It seems that I wasn't the only one thinking (or writing) about client surveys and client satisfaction this week. Check out the post by Patrick Lamb of In Search of Perfect Client Service, entitled The One Question To Ask Clients When Doing Satisfaction Surveys. Lamb points to some other posts as well, and talks about whether an outsider can get more and better information from clients than a lawyer working with that client will get. But he also points out that whatever 'rating' a client gives to a firm, the true measure of what they think of the firm is whether they've referred any business to the firm.
Arnie Herz of Legal Sanity, in What We Need To Know About Our Clients points out the importance of becoming intimately familiar with a client's business in order to provide services that "reflect their corporate culture and aspirations."
Tom Kane of the Legal Marketing Blog also comments on client surveys in his post today Don't Let Your Ego Get In The Way of Good Advice. He echos the statements that that many lawyers either assume they already know what their clients think, or they're afraid to find out. But whether the issue is client surveys or marketing, Kane points out that lawyers often allow their egos to get in the way of learning from those who have expertise that lawyers may not possess themselves.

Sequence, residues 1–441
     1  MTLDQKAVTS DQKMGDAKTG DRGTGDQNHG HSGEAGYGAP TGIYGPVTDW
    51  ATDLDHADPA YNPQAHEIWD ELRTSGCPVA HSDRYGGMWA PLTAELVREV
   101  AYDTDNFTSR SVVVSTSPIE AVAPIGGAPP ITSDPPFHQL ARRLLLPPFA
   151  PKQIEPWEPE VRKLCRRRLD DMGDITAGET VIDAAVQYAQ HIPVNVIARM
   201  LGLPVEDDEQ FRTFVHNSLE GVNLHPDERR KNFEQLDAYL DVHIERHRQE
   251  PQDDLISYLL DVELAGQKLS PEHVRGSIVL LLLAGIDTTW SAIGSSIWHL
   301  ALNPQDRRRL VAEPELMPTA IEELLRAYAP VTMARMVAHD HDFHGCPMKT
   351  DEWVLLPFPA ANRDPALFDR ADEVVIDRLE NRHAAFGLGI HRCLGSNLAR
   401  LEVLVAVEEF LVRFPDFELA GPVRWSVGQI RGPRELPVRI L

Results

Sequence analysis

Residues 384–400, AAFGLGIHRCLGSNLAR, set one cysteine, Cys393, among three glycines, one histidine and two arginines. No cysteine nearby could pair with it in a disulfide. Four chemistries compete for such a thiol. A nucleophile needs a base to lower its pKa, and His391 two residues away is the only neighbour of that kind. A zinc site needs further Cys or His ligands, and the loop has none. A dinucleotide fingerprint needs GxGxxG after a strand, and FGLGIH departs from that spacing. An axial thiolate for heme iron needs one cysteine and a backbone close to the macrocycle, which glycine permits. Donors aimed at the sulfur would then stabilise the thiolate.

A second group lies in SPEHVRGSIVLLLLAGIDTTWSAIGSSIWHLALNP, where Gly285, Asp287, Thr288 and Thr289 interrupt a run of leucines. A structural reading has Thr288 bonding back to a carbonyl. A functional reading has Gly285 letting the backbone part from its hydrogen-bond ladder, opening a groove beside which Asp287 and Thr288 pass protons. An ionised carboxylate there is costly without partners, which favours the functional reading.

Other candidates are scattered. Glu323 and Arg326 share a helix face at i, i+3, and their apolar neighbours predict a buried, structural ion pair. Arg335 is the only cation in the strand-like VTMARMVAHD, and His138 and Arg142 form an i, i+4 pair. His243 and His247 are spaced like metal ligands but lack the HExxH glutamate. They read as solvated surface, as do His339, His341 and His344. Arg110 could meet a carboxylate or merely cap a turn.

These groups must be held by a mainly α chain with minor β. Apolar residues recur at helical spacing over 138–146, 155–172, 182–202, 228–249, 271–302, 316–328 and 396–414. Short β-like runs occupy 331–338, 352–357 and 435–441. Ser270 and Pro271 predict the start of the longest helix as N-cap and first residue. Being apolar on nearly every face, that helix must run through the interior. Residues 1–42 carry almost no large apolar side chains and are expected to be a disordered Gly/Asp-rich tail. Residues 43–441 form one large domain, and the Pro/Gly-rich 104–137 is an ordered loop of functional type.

So many lawyers boast in their marketing materials, on their websites, in firm brochures, etc., that they provide 'excellent client service.' Ultimately, in order to back up those claims, law firms need to connect with their clients in meaningful ways - by staying in touch, by showing interest, by learning about the client's business, by anticipating clients' needs, by providing solutions that make sense from the client's point of view, and by checking back with clients to see whether they feel that we're doing enough. Sometimes the best way to serve our clients is to admit what we don't know and set about learning it - whether directly from them, or from other sources.